My Death Wish

"Even when the way goes through Death Valley, I'm not afraid when you walk at my side." Psalm 23:4

My two best friends growing up were David and Kevin. We went to school together, played sports together, worked together, went to our proms together, got in trouble together, and were best men in each others weddings. The list could go on and on about all the stuff the three of us got into. But as life would have it, eventually we went our separate ways. The ministry can be a busy place and it doesn't leave much room for friendships outside of church. David pursued his dream of being a cop and ended up working with the Durham Police. Kevin has a gift as a salesman and worked his way up to a big job with CBS in Phoenix. Sadly it had been over two years since I last spoke with David and over a year since Kevin and I had any contact. That was until this past Wednesday night.

Kevin called just after nine pm. To say I was surprised to hear his voice was an understatement. My first reaction was that he must be calling to tell me he had finally found Mrs. Right and getting married again. After a minute of superficial "how you been doings", Kevin got to the point of his call. David had called him earlier that day to tell him that Linda, David's mom, had been diagnosed with cancer. The doctors had found 18 tumors on her brain and were not giving her much time for survival. He said David was devastated. I took down the hospital info and promised to check on them first thing yesterday morning.

As I drove to the hospital, I thought a lot about death. Linda was the first on my friends parents to go through something like this. I hadn't seen David in over two years and it had been at least three since I had seen his mom. What would I say? What could I say? Jars of Clay wrote a great song about death a few years ago. One of my favorite lines says this:

When death,
like a gypsy,
comes to steal what I love,
I will still
look to the heavens
I will still seek Your face.
But I fear
You aren't listening
because there are no words,
just the stillness,
and the hunger
for a faith that assures.

I started to wonder why did things have to die. Besides the obvious answer that the world would have over 100 gazillion people on it if we didn't. I wanted to know why God allowed death.

People die.
Dreams die.
Jobs die.
Relationships die.
Everything dies.

I'm not sure what I expected as I walked into that hospital room, but what I got was certainly not it. I found Linda and David's sister April hanging out chatting. Linda was in great spirits considering the circumstance. We all caught each other up on the events of the past three years and shared some good memories of the past when we were a lot closer. For a moment it felt as though no time had passed from the last time I saw them. When Linda asked if I had spoke with David in a while, I had to embarrassingly say it had been a long time. His sister offered to call him for me right then and there. As she dialed, I felt my heart race as I speculated of how I would be received. Would he be glad I came by or upset that it took his mom on her death bed to bring me back around. When his sister handed the phone to me and I said hello. There was this very brief moment of silence. Maybe he didn't catch my voice or maybe he had a second of shock of who he just heard from. Either way, our conversation took off as my fears of what our conversation would be like were calmed by David's obvious joy of me being there. We spoke briefly and exchanged numbers with the promise we'd get together within the next few days. We soon hung up and I said my goodbyes to Linda.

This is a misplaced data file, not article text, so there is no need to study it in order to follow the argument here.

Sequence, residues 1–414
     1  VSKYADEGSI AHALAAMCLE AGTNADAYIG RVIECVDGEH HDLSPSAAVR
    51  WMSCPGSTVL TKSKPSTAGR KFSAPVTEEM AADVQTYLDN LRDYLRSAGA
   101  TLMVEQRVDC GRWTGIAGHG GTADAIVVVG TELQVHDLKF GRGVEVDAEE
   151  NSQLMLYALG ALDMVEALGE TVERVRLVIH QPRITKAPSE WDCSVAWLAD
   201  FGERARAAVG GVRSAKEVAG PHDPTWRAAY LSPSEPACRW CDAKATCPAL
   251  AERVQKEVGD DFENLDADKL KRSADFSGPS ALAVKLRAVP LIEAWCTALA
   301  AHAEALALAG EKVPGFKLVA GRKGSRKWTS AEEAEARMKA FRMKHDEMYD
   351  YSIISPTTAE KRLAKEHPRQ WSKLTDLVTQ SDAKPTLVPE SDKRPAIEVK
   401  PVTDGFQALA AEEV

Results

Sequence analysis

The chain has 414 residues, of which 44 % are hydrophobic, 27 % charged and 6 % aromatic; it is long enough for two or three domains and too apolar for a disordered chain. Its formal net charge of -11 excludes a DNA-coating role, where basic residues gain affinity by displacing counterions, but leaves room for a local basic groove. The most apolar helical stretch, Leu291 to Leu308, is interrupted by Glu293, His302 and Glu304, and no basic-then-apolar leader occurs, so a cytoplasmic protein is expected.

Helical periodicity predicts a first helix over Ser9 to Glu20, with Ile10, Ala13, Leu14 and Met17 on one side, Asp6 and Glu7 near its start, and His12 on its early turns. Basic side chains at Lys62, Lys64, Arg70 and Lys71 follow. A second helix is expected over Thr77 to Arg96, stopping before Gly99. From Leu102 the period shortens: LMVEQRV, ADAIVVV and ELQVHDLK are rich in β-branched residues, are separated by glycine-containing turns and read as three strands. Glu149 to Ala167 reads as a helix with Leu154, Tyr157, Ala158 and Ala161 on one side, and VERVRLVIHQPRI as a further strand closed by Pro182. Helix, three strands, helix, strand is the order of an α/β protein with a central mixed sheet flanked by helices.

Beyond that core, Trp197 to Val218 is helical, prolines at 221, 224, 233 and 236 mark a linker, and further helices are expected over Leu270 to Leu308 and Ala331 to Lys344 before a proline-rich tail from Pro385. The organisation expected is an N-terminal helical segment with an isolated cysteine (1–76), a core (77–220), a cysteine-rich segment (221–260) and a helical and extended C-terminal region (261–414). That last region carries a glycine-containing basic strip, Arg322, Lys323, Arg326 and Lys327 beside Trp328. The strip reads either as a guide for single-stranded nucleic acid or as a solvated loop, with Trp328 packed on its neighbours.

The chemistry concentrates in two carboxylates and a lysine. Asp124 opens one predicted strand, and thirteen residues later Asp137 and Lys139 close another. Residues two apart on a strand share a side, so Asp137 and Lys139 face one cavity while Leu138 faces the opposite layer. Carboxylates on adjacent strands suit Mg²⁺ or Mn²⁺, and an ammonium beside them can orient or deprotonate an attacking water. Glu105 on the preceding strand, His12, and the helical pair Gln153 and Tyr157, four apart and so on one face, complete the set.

As I walked out of that hospital, I still was asking God what the deal with death was. Then it hit me. Or at least what needed to hit me. Death has to happen for new birth. Rebirth. I know it sounds overly simple but I've never really thought about it like this before. Death has a way of bringing people back together. Restoring relationships long given up for dead. But the beauty of death is without it, the newness of life would never come to be.

Through the death of a loved one, people can be brought back together.
Through the death of a dream, space is open for God to show you a new one.
Through the death of a job, we can stop seeking our wants and begin seeking God's.
Through the death of a relationship, we can move on to a more healthier one.

Nothing dies with out something new taking it's place. Leaves have to die and fall off now so that next spring God can repaint this world with blooms and greens. It may take a bit longer for the regrowth to happen then we'd like, but be still, it's coming.

Does death hurt? Absolutely. Does my heart break for David and his family? Without a doubt. Does death win? Not if I allow God to use this time for a rebirth. Death is not final. Death is not the end. Death does not have the last say. Unless we let it.

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